By David N. Leff

Shakespeare diagnosed the syndrome of "second childishness" — old age — in his immortal line, "Sans teeth, sans eyes, sans taste, sans everything."

That "everything" certainly embraced sans hearing — the progressive loss of sound perception with advancing years of life. Hence, the expanding baby-boomer market for hearing aids.

But members of a large five-generation family in Israel begin to go deaf in the prime of life. Scoping their genome has revealed a gene sequence deletion that explains their inherited early-onset loss of hearing.

Today's Science, dated March 20, 1998, tells the story in a research report titled "Mutation in transcription factor POU4F3 associated with inherited progressive hearing loss in humans."

The paper's senior author is molecular geneticist Karen Avraham, at Tel Aviv University, in Israel. Her 14 co-authors include research teams at the National Institute on Deafness and Other Communication Disorders, in Bethesda, Md., as well as investigators at the University of Washington, in Seattle, and Harvard Medical School.

The article identifies that informative kindred as "Family H." It traces their pedigree back to a genetic founder of its familial deafness, born in Libya in 1843. His 80 living descendants are now settled in Israel, with outlying branches in Belgium and the U.S.

"We didn't need everyone in the H kindred in order to go after the gene," Avraham told BioWorld Today. "We were able to get the information we needed from 23 of them, including all of their Belgian and American family members, but omitting everyone under 40 years of age."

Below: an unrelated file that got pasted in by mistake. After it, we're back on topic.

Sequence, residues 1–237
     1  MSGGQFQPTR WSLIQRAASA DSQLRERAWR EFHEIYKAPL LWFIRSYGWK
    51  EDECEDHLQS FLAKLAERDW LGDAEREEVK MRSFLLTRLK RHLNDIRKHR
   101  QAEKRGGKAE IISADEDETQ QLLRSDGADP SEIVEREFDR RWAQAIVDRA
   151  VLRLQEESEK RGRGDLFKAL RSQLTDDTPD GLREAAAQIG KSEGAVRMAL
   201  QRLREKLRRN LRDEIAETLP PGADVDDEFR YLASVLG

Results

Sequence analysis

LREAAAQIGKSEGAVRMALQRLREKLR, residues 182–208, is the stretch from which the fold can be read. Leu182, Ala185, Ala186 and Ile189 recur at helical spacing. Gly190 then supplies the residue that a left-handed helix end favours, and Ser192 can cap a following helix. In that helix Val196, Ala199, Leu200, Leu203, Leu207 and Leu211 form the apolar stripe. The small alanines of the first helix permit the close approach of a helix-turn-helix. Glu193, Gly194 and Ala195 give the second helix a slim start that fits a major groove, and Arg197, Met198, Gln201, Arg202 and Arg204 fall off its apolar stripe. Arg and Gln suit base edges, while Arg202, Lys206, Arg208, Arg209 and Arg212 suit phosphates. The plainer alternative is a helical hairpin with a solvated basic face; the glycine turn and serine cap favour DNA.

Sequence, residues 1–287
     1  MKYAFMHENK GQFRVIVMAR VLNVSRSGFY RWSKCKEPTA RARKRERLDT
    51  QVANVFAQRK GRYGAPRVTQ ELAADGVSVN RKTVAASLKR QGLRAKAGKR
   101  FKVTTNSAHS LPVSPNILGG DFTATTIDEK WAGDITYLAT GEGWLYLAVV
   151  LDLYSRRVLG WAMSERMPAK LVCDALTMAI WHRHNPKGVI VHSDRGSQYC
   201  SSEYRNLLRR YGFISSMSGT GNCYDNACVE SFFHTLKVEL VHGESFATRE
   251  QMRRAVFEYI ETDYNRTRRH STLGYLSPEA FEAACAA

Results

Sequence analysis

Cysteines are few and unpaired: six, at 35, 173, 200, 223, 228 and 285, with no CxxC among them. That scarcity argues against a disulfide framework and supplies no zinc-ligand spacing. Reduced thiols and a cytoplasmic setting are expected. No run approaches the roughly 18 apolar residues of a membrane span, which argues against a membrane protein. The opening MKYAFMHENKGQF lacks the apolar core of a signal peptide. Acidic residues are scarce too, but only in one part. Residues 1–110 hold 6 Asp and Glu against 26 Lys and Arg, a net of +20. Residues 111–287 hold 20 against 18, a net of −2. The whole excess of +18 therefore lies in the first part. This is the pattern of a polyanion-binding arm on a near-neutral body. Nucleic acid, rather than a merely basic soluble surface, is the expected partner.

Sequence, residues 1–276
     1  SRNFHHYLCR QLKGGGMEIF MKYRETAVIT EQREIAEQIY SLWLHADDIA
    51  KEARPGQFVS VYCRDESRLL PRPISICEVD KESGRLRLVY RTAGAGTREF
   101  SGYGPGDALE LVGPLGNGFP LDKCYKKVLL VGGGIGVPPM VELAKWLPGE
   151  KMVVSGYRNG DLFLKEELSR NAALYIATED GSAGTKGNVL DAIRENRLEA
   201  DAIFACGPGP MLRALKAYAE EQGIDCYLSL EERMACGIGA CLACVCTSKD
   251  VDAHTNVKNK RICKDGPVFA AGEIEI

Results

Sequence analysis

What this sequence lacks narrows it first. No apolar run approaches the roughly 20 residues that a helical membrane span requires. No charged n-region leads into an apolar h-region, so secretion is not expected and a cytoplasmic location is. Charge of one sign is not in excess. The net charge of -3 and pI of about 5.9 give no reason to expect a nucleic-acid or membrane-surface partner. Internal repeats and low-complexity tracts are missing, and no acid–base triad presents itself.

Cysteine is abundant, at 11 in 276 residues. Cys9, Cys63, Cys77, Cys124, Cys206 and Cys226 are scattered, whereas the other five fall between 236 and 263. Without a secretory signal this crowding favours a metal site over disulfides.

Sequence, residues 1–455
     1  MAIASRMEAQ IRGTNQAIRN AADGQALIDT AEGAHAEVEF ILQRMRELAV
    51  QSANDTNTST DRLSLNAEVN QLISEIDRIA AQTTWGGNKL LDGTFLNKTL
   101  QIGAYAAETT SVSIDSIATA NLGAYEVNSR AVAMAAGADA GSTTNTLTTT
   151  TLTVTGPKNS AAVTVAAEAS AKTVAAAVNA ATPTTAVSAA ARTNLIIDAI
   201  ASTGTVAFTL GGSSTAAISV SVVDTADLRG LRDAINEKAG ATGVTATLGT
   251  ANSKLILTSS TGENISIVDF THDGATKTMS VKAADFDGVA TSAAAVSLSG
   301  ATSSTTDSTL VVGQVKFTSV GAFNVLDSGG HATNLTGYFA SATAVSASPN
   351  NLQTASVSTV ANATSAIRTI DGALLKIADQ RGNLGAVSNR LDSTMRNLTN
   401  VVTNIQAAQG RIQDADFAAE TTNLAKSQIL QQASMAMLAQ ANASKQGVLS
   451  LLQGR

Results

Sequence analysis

Of 36 individuals in that family tree going back five generations to 1843, 19 developed deafness in mid-life; seventeen did not.

Family In Study Not Considered Unique

"What's unique about Family H," Avraham observed, "is that there's nothing unique about Family H. They're just an average family, from all walks of life — urban, rural, very diverse in terms of occupation and places of residence. The fact that they are regular families," she pointed out, "is important, because their progressive deafness is something that affects so many people in the world."

"Progressive hearing loss impairs a staggeringly large proportion of our population," said research otologist Karen Steel. "Sixteen percent of adults, and more than one-third of those over 60 years old, have a hearing loss of 25 decibels or more, so they might benefit by wearing a hearing aid."

Steel wrote an editorial accompanying Avraham's report in Science, titled: "Progress in progressive hearing loss." She is at the British Medical Research Council's Institute of Hearing Research, in Nottingham, U.K.

Those cochlear hair cells, which transmit their sonic messages to the brain via neuronal pathways, do not regenerate. Hence they require perpetual molecular maintenance, provided by transcription factors bearing the generic name of POU.